Death Duties may seem a rather dry topic in a history littered with war, murder and invention, but Lord Rosebery's Chancellor of the Exchequer Sir William Harcourt's introduction of this measure was a landmark in how we are taxed.
Harcourt faced a not infrequent government problem – a major deficit. In his case he had to try to plug a £4 million hole in our finances. Equally unsurprisingly he chose among other routes to increase the duty on beer and spirits. But the most important and far-reaching of his acts concerned death duties.
Since the late 17th century probate taxes, inheritance taxes, and other related duties had impacted on estates, successive governments tinkering and adding here and there.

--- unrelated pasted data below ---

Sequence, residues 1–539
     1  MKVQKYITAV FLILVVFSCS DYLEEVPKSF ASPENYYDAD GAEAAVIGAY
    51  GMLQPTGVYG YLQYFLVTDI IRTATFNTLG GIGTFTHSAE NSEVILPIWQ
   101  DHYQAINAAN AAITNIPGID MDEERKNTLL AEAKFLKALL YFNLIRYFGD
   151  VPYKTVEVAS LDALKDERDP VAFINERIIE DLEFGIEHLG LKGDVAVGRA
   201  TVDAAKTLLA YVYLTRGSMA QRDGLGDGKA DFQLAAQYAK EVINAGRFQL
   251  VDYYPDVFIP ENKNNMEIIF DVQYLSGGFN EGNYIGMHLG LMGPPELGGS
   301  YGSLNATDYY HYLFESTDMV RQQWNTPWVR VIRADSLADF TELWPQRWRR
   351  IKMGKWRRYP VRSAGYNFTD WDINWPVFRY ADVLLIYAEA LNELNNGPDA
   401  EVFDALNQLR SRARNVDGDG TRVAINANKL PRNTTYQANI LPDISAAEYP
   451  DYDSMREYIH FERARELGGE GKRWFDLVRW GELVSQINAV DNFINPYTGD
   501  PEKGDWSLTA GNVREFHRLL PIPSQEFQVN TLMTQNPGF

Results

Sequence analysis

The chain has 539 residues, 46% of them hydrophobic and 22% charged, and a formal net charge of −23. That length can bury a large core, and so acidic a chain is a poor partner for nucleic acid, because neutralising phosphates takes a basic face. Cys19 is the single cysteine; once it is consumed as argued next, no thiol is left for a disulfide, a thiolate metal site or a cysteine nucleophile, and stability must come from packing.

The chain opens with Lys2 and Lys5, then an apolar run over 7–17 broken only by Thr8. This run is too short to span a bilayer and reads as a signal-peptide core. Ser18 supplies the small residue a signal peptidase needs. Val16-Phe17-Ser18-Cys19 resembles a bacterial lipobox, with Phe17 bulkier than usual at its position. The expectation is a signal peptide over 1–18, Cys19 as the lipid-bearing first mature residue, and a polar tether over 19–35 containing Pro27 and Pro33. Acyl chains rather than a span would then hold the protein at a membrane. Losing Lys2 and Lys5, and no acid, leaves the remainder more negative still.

Harcourt chose to simplify the system – a lesson Gordon Brown among others failed to learn – by including all property (land, funds, goods) in the calculation; to tax the estate rather than the legacies it provided; and to make the tax progressive. This latter point was not a complete novelty in Britain, but Harcourt's death duties were the first great application of the principle.
"The most remarkable circumstance in the history of these financial proposals will be the decision of the House of Commons of the general principle of graduation. No doubt it will be the turning point in the history of the finance of this country," said Sir William to the Commons.
The principle stuck; but sadly it was not a fiscal panacea. It did, however, have the effect of breaking up many large estates at a time when the rich in this country were not able to avoid taxation.
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